Operation and Controls
The Fujifilm X10 is clearly designed with the enthusiast in mind; the type of user who appreciates the solid feel of a magnesium alloy body and the sure grip of a textured (leatherette) handholding surface. Add to that a mechanically driven (vs. electronic) zoom lens, access to no fewer than 16 dials and buttons - all significantly larger than those found on most compact models - and you've got a camera that facilitates and indeed celebrates manual control.
Top of camera controls
Along the X10's top plate you'll find the main exposure mode dial, threaded shutter release, customizable Fn button and an exposure compensation dial. A full-sized hotshoe is compatible with Fujifilm's (optional) external flash units, including the optional X-series specific EF-X20 flash. The camera's built-in flash is positioned at the far left of the camera's top plate. Both the mode and exposure compensation dials offer stiff resistance to minimize accidental movement when handling the camera. The on/off switch (not visible here) is integral to the lens zoom operation.
Rear of camera controls
The rear configuration of the X10 is a near-duplicate of that found on its big brother, the FinePix X100, right down to the 2.8 inch 460k-dot LCD shared by both cameras. Along the top left of the camera are a flash switch and viewfinder diopter adjustment slider. Below these sit a strip of four buttons, topped by the playback button. The 'AE' button that follows sets the metering mode (pattern / center weighted / spot), while 'AF' is used to move the active focus area around the frame (this control is only active if you set the AF mode to 'Area' in the shooting menu). These buttons are also used to zoom in and out of images in play mode.
For AF area selection, there's a choice of 49 available points arranged in a 7x7 grid. In manual focus mode you can select an area of interest for magnification by clicking the AF button and then navigating via the 4-way control dial.
Along the X10's top right shoulder, well-placed for operation by your thumb, is a Ricoh-esque jog switch that Fujifilm calls the 'Main-command dial'. Below it is an AE/AF lock button, which is customizable to your specific taste. It can be set to control AF, AE or both, and to operate either as a single press lock, or as a toggle (i.e. press to lock, press again to unlock). If the AF mode switch is set to manual, this button can still be used to autofocus, essentially decoupling autofocus and exposure in a fashion that's popular with many photographers.
The DISP/BACK button is used for menu navigation, as well as for changing the amount of information displayed on the LCD. Once the available options are displayed, repeated pressing of the button cycles through them, as does rotating either the main-command dial or 4-way control dial. In shooting mode, pressing and holding the DISP button switches the camera to 'silent mode', disabling the flash, AF illuminator lamp, and all operational sounds (including the AF confirmation beep and synthesized shutter release sound).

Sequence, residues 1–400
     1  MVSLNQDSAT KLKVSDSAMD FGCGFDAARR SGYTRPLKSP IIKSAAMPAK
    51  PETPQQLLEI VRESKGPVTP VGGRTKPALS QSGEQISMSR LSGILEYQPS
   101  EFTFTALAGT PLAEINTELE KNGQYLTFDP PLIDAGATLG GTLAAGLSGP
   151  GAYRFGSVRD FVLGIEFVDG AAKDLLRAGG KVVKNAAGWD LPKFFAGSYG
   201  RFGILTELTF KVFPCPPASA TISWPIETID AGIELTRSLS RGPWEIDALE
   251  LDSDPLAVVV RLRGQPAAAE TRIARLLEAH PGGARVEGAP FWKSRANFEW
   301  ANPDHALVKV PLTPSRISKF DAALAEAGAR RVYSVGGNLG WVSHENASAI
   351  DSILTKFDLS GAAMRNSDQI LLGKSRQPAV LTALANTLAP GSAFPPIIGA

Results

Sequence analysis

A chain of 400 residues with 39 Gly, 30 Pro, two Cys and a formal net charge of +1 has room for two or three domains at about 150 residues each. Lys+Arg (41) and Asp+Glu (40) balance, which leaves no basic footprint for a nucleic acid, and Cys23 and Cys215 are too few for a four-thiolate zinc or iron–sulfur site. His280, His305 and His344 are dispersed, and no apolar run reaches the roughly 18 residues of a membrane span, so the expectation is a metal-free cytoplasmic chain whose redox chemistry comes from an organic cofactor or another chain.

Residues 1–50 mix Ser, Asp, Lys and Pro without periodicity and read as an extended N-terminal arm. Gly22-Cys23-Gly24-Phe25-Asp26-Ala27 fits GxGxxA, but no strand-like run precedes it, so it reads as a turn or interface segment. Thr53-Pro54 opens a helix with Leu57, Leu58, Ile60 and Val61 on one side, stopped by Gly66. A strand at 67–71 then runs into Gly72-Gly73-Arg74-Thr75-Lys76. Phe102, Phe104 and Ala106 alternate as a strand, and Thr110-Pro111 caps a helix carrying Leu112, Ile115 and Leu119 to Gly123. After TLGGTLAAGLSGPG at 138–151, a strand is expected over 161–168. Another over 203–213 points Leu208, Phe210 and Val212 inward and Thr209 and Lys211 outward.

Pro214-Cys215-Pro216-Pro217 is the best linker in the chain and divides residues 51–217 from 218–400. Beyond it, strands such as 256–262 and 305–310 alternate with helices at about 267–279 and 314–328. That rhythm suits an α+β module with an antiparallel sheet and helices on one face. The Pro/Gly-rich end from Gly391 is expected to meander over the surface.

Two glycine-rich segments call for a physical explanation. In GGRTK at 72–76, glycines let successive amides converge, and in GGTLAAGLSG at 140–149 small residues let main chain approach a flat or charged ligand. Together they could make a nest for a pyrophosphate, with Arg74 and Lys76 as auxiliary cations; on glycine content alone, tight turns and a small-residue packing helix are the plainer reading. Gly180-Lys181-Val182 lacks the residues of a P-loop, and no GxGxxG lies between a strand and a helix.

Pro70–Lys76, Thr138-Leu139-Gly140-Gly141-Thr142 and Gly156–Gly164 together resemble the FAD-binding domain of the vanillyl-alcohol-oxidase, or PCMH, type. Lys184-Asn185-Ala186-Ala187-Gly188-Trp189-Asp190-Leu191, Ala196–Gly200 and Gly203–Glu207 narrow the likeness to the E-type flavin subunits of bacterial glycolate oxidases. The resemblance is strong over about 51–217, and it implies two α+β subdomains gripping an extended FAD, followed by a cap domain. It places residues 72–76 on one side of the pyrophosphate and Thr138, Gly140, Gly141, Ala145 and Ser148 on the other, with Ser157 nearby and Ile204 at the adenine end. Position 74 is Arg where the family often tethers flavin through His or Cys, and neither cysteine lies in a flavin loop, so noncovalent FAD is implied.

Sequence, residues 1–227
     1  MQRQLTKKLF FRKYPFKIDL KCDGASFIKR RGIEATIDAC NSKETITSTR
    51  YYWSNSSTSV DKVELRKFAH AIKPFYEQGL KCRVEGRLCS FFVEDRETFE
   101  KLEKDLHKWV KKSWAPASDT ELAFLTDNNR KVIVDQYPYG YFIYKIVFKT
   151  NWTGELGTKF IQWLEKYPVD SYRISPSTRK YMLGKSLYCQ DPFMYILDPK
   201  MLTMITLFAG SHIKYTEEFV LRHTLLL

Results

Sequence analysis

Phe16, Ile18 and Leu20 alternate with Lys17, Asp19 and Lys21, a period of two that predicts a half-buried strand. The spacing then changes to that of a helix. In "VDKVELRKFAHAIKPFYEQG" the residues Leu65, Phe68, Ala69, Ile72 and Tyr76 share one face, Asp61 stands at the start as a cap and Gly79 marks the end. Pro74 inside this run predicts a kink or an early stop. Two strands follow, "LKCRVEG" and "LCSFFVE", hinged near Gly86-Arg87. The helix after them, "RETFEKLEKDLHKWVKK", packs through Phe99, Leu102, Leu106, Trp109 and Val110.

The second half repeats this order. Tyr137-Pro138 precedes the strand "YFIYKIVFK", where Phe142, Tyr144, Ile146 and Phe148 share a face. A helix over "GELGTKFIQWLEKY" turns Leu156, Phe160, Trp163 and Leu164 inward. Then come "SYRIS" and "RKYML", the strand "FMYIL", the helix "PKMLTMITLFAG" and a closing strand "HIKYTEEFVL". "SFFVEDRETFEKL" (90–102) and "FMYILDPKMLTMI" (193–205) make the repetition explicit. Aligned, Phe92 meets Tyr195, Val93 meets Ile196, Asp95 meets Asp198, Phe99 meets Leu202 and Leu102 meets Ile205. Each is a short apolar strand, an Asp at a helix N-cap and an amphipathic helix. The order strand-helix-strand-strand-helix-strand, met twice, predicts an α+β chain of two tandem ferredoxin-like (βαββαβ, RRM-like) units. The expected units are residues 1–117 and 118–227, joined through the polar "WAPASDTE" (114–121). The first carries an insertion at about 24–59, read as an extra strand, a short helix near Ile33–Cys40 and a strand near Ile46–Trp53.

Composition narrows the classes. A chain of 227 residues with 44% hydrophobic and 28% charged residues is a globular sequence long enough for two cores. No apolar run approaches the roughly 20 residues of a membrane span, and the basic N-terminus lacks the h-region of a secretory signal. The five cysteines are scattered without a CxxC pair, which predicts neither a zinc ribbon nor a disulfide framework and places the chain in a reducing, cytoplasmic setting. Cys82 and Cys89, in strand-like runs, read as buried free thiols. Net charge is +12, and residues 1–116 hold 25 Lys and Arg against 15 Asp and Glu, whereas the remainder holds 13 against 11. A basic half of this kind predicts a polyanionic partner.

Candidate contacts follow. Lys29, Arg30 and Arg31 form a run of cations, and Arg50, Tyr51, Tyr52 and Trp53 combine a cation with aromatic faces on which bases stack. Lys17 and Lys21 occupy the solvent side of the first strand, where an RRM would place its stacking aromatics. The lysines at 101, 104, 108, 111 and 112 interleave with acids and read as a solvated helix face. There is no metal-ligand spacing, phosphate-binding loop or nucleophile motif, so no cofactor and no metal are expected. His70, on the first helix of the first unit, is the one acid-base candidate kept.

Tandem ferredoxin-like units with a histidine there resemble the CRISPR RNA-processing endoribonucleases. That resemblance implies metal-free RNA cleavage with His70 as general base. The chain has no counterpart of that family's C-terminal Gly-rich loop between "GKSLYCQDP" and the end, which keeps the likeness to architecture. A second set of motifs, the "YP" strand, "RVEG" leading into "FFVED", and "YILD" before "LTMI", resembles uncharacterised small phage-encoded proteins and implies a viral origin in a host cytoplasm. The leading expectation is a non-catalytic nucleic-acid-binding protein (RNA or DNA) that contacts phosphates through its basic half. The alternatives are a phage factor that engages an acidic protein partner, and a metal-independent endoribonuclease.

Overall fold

The 'RAW' button has two functions. In playback mode, it gives direct access to the camera's in-camera raw conversion abilities. While shooting, its default behavior is to allow you to quickly turn raw image recording on or off. Best of all, with the latest firmware update (v1.03) you can opt to use the RAW button as a second custom button, choosing from the same range of options available to the Fn button located atop the camera. The table below shows the options available to both buttons.
Fn/RAW button options
(You can be assign any option to either button)
| • ISO
• Image Size
• Image Quality
• Dynamic Range
• Film Simulation
| • AF Mode
• Face Detection
• Face Recognition
• Intelligent Digital Zoom
4-way controller functions
The 4-way controller offers direct access to drive mode, macro focus, self-timer and flash options. In its center is a MENU/OK button that calls up the menu, and confirms settings. Frustratingly, the relevant menus remain onscreen for only about 2 seconds after you've pressed the button to call them up. If you're not quick on the trigger, you'll simply have to press the button a second time. This is an annoyance carried over - for no discernible reason - from the X100. The settings available are as follows:
|Drive|| • Single
• Best frame capture
• Auto Exposure bracket
• ISO bracket
• Film simulation bracket
• Dynamic range bracket
10* (6MP), 7*, 5 or 3fps
+/- 1/3, 2/3, 1 EV; 3 exposures with single shutter press
+/- 1/3, 2/3, 1 EV bracketed development of single exposure
Develops single exposure to Provia, Velvia, Astia modes
Shoots 3 frames (with same ISO) at DR100, DR200 and DR400
|* Available in JPEG mode only|
|Flash|| • Auto*
• Slow sync*
|- Available in P, Auto and select scene modes
- Available in P, Auto and select scene modes
- Only available in P and A modes
|* Red-eye removal can be enabled as an additional option via the Set-up menu|
|Self timer|| • Off
• 10 sec.
• 2 sec.
|Macro|| • Off
• Super Macro
| - Min focus range approx. 50cm -80cm from front of lens
- Range approx. 10cm - 3m.
- Range approx. 1cm - 1m.
Main command dial functions
The 'Main-command' thumb dial on the camera's shoulder can either be pressed in like a button, or pushed left and right to adjust various parameters.
- Adjusts the exposure variable(s) in S, A modes and aperture value in M mode
- In P mode, sets program shift (not available when either flash, DR Auto and Auto ISO are enabled)
- Often, but not always, duplicates the left/right key functions on the 4-way controller
- In playback mode, clicking-in enlarges the area around the selected focus point to check sharpness; flicking left or right overlays image with detailed processing and exposure information
Sub-command dial functions
The 4-way controller is surrounded by a 'sub command dial' that's used for navigating menus and setting options. Its functions include:
- Use in conjunction with Fn to adjust the ISO (when assigned).
- Adjusts the exposure variable(s) in S, A modes and shutter speed in M mode
- In P mode, sets program shift (not available when either flash, DR Auto and Auto ISO are enabled)